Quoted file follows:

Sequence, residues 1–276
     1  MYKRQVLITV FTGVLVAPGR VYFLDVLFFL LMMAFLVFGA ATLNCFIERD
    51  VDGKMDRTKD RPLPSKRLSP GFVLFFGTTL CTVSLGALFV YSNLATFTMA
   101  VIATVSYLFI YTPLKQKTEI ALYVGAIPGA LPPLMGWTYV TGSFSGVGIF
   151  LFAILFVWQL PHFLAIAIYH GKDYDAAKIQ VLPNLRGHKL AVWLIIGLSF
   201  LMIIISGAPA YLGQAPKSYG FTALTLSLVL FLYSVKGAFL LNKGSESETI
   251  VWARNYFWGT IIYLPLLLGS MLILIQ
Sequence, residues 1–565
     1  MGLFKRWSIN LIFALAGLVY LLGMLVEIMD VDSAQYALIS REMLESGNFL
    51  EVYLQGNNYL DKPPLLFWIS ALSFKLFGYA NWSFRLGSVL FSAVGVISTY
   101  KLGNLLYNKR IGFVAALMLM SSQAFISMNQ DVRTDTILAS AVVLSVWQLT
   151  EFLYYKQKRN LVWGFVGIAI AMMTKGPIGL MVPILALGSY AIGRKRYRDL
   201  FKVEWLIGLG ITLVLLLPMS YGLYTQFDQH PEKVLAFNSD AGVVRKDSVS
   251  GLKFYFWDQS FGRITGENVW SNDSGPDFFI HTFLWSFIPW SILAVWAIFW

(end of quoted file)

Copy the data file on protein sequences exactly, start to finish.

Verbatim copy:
Sequence, residues 1–276
     1  MYKRQVLITV FTGVLVAPGR VYFLDVLFFL LMMAFLVFGA ATLNCFIERD
    51  VDGKMDRTKD RPLPSKRLSP GFVLFFGTTL CTVSLGALFV YSNLATFTMA
   101  VIATVSYLFI YTPLKQKTEI ALYVGAIPGA LPPLMGWTYV TGSFSGVGIF
   151  LFAILFVWQL PHFLAIAIYH GKDYDAAKIQ VLPNLRGHKL AVWLIIGLSF
   201  LMIIISGAPA YLGQAPKSYG FTALTLSLVL FLYSVKGAFL LNKGSESETI
   251  VWARNYFWGT IIYLPLLLGS MLILIQ
Sequence, residues 1–565
     1  MGLFKRWSIN LIFALAGLVY LLGMLVEIMD VDSAQYALIS REMLESGNFL
    51  EVYLQGNNYL DKPPLLFWIS ALSFKLFGYA NWSFRLGSVL FSAVGVISTY
   101  KLGNLLYNKR IGFVAALMLM SSQAFISMNQ DVRTDTILAS AVVLSVWQLT
   151  EFLYYKQKRN LVWGFVGIAI AMMTKGPIGL MVPILALGSY AIGRKRYRDL
   201  FKVEWLIGLG ITLVLLLPMS YGLYTQFDQH PEKVLAFNSD AGVVRKDSVS
   251  GLKFYFWDQS FGRITGENVW SNDSGPDFFI HTFLWSFIPW SILAVWAIFW